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 Post subject: deleted
PostPosted: Mon Feb 24, 2020 10:08 pm 
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Last edited by Ed1043 on Thu Feb 27, 2020 4:26 am, edited 1 time in total.

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 Post subject: Lesson 18
PostPosted: Wed Feb 26, 2020 3:13 am 
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Understanding Addiction III: http://www.recoverynation.com/recovery/ ... op_018.php

Continuing the cookie analogy from the previous lesson: to know which ingredients make up the best cookies is not enough. You must also know
- how long to cook it for (time),
- the amount of each ingredient to add (intensity),
- the types of sprinkles or frosting you add when you get bored with the initial ingredients (habituation).

The three filters are
    * Time: each person has their own threshold of how much stimulation is generated 'per session'. some take 10 minutes, other can indulge in their compulsive behavior on hours at a time (like Jerry in example)
    * Intensity: The amount of experience, or mastery, involved in the behavior. (e.g. setting up a fantasy scene inside your head the way that stimulates you best, finding the porn video of your genre, etc.) anyone can create the elements, but the more skilled a person becomes at doing this, the more stimulating the experience will be.
    * Habituation: How often you engage in your behavior ; the more you do it, the closer you are to saturation point .and the more 'frosting' you add in to intensify it

Lesson 18 Exercise:

I. Consider the following situations and see if you can identify the elements that make up each behavior:
Jerry: danger, suspense, orgasm, sensory sight (seeing reaction), sensory touch (masturbating),
Stephanie: PAST, orgasm, sensory
* seems I didnt really think about fantasy or accomplishment.

II. Consider one of your own compulsive rituals. Identify circumstances when each of the three filters (time, habituation and intensity) have come into play.

Masturbation w/ porn:
* time: increasingly stimulating, to a certain extent (15 mins if habituated, 30+ if not)
* habituation: definitely apparent. if done every day, the stimulation is still there but not "special". if relapse after a week, every element of the ritual feels much more stimulating. The frosting here includes masturbating under shower, turning off all the lights, using different sources/material to masturbate to on the occasion.
* intensity: includes the mastery of stroking myself to the edge of orgasm but not past it, while finding the 'ideal' video. also the mastery of finding the sources and methods to get the 'ideal' video asap


Last edited by Ed1043 on Mon Apr 06, 2020 6:24 am, edited 1 time in total.

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 Post subject: Lesson 19
PostPosted: Wed Feb 26, 2020 3:27 am 
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Understanding Addiction IV: http://www.recoverynation.com/recovery/ ... op_019.php
Most of this post is a summary. First time reading the lesson opened my eyes to a few realizations.

The underlying motivation to all(most) human behaviors:
Quote:
All human behavior is driven by the emotional stimulation it provides. Both minimizing pain and pursuing pleasure, in the case of this workshop


A compulsive behavior is just as useful in avoiding and/or minimizing an uncomfortable state. Stress, for example. Boredom, another. While consciously stimulating pleasure, your brain is unconsciously trying to eliminate your boredom. This is at the essence of how your addiction developed... Done often enough, it becomes second nature. It becomes ingrained. It changes the way that you interact with the world. And eventually, it changes the way that you perceive that world.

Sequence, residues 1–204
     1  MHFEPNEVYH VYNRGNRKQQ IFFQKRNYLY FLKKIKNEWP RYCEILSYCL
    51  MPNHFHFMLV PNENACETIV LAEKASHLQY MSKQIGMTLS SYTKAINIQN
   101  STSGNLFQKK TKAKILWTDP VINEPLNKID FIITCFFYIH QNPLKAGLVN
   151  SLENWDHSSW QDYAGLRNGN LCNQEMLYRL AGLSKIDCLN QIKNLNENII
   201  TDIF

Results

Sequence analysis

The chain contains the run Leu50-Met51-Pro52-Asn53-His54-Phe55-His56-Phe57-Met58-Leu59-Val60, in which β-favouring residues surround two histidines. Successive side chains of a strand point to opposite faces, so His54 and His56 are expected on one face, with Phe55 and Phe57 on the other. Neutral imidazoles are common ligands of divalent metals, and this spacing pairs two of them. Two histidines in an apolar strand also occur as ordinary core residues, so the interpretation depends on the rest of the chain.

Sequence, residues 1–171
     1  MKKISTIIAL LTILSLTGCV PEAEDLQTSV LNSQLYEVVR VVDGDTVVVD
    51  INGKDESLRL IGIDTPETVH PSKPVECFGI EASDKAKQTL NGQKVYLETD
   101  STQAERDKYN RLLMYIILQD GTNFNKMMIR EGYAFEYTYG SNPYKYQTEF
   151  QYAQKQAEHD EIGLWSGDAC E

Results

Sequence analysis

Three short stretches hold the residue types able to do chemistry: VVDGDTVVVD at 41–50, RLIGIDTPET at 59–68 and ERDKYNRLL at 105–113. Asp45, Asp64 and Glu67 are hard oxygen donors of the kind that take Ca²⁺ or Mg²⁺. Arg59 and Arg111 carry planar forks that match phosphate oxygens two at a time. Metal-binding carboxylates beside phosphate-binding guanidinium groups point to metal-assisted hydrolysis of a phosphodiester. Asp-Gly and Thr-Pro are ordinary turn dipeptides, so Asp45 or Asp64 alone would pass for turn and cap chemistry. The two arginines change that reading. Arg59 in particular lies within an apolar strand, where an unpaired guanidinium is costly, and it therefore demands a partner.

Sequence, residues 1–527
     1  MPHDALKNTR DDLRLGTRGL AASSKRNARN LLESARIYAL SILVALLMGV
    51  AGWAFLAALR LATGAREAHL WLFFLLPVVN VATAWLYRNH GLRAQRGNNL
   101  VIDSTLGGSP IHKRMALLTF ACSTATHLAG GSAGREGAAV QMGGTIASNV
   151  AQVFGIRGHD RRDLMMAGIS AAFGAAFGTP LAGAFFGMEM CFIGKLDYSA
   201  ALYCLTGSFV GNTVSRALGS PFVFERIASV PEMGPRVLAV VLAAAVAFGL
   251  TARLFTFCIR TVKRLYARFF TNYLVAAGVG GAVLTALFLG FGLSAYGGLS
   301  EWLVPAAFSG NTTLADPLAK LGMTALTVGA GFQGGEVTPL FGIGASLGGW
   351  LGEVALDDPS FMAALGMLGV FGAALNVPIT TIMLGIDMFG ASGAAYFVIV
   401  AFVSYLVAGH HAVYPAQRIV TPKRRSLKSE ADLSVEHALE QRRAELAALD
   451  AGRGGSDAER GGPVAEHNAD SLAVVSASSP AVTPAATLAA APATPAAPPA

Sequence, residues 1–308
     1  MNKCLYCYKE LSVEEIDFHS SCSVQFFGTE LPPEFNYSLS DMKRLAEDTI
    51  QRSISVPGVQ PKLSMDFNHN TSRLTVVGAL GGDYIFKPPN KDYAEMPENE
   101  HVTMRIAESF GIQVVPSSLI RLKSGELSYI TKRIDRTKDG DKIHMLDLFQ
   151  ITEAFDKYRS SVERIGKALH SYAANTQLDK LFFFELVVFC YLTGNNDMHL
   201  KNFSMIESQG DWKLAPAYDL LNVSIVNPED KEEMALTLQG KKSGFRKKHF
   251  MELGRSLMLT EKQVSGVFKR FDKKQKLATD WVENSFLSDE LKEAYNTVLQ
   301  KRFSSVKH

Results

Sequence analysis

Once you recognize that the motivation for every action you take can ultimately be traced back to the anticipated emotions elicited from that action (or non-action) — the awareness of your decision-making in relation to compulsive rituals should dramatically improve. The key word there is anticipated. When the emotional stimuli is certain and anticipated, values and long-term conseq become less relevant, and as time goes by, the addict's long-term emotional management skills (such as value development and consequence assessment) are replaced by a greater and greater reliance on the here and now.

Now if you want to use delusion, fantasy and escape to avoid living parts of your life...that is your choice. On the other hand, if you want to challenge yourself to master your life, then you will need to master the values that make up the life you are striving to live. That means learning how to rely on those values to help you manage good times and bad.

As you will see, most of these actions occur in your subconscious and so, you will find yourself assessing them AFTER they have begun. That's okay. Eventually though, to achieve emotional maturity — and certainly to end your addiction — you will need to bring them into your consciousness.

You avoid pain now (through deceit, let's say) at the expense of potentially amplified pain later. Or, in other familiar words, you avoid sipping the shame now at the expense of guzzling the regret later. Values and principles are important for this reason. So you have a strong foundation to base your decision-making on. You must relearn the value of values. In the context of recovery, begin by thinking of your values as those things which, when you are experiencing them, provide you with a feeling of accomplishment, satisfaction and a sense of purpose. You feel good associating yourself with these traits

Lesson 19 Exercise:
There is no written exercise associated with this lesson. Instead, there is only a call to deepen your awareness of how you go about deriving stimulation in your day-to-day life. For the rest of today...and for all of tomorrow...